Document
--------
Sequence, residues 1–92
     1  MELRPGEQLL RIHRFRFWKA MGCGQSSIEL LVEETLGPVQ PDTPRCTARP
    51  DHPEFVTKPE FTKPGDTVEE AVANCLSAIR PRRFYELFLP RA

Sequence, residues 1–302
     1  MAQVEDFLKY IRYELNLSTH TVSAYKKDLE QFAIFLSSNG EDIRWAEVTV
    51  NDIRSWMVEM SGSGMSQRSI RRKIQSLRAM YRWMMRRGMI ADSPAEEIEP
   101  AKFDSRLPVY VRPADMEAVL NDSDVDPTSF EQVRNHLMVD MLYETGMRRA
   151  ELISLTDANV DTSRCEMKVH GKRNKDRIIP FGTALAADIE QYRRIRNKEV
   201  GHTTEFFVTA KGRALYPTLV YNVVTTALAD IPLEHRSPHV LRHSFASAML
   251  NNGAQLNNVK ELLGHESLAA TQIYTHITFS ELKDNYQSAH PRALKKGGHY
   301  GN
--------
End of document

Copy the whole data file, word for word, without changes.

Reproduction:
Sequence, residues 1–92
     1  MELRPGEQLL RIHRFRFWKA MGCGQSSIEL LVEETLGPVQ PDTPRCTARP
    51  DHPEFVTKPE FTKPGDTVEE AVANCLSAIR PRRFYELFLP RA

Sequence, residues 1–302
     1  MAQVEDFLKY IRYELNLSTH TVSAYKKDLE QFAIFLSSNG EDIRWAEVTV
    51  NDIRSWMVEM SGSGMSQRSI RRKIQSLRAM YRWMMRRGMI ADSPAEEIEP
   101  AKFDSRLPVY VRPADMEAVL NDSDVDPTSF EQVRNHLMVD MLYETGMRRA
   151  ELISLTDANV DTSRCEMKVH GKRNKDRIIP FGTALAADIE QYRRIRNKEV
   201  GHTTEFFVTA KGRALYPTLV YNVVTTALAD IPLEHRSPHV LRHSFASAML
   251  NNGAQLNNVK ELLGHESLAA TQIYTHITFS ELKDNYQSAH PRALKKGGHY
   301  GN